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Private lenders offering more student loans

Private lenders are offering more loans to college students at institutions such as Boston University due to an upswing in the economy, according to a Wall Street Journal article published Monday.

The seven largest private loaners in American allocated almost $6.9 billion to students last year, an 8.1 percent increase from the year before, according to a study conducted for the WSJ by MeasureOne.

Many Boston University students said private loans are a necessary addition to financial aid and federal loan packages.
Madeline Beach, a College of Arts and Sciences senior, said she took out loans from Sallie Mae.

“I chose this option simply because I didn’t have many other choices,” she said. “I was able to get some grant money and loans from BU, but I was still short by several thousand dollars.”

Beach said the loan was often accompanied by a higher interest rate than traditional federal loans.

“For me, it [Sallie Mae] hasn’t been the best option,” she said. “One year the interest rate was above 10 percent.”

Barton Lipman, professor and chair of the economics department in CAS, said private loans tend to cost more due to their high interest rates.

Federal loans contain provisions that are intended to guarantee students’ debts are repaid, which allows sources of funding to lend at a lower interest rate, Lipman said.

“It’s harder to get out of paying [federal] loans by declaring bankruptcy,” he said. “The banks know you’re on the line, so even if your credit is not very good, because there’s just no way to get out of it, they’re still going to make the loan.”

By contrast, banks are more likely to deny private loans due to the greater risk involved, he said.

“If your credit’s not good, they’re nervous, so it gets to be very difficult,” Lipman said.

Johannes Schmieder, an assistant professor of economics in CAS, said there were other benefits to taking out federal loans.

“A potential advantage of federal loans is that they offer various options for reducing loan payments during times of low income,” he said.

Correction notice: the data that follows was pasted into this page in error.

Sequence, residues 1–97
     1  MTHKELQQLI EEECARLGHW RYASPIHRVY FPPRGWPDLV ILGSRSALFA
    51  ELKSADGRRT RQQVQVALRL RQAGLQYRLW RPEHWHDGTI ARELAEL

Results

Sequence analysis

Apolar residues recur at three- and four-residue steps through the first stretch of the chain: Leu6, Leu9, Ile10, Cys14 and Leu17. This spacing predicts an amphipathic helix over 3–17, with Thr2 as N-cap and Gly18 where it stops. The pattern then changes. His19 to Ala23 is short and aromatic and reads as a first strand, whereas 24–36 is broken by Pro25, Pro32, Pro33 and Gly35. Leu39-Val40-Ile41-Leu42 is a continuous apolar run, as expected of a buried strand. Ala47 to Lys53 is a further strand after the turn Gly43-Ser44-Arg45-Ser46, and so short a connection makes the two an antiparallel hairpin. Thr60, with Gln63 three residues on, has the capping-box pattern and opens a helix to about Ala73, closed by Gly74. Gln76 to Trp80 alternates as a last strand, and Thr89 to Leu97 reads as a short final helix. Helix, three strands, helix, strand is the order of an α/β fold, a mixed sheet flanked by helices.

Some federal loans allow students to defer payments without accumulating interest while in school, Schmeider said.

Families with low disposable incomes can select a repayment plan with minimal required payments, he said.

Some students said private loans have potential benefits as well.

Matthew Solomon, a junior in BU’s School of Management, said he receives private loans from the New England Federal Credit Union.

“I think choice is the biggest reason why people [take out private loans],” Solomon said. “You can pick how you want to pay for it, how you want to refinance it.”

Solomon also cited enhanced customer service as an advantage of private loans.

“[With federal loans], it’s very hard to get in contact with somebody,” he said. “With a private institution, you’re paying a bit more to get that culture and that atmosphere where you can just walk in to ask a question.”

Private loans also allow students to cosign with another individual. Solomon’s federal loans, for example, are in his name, whereas his parents are helping to pay for his private loans.

Natalie Rivera, a senior in CAS, takes out private loans from Sallie Mae, as did her older siblings.

“They have conditions for the deferment of payments,” she said. “If they know I’m going to graduate school or law school within the next 18 months then they’ll defer the payment.”

Rivera said Sallie Mae has become more lenient on collecting repayments since the recession of 2008.

“What I experienced with my older siblings was that they were a bit more strict asking for repayments,” she said.

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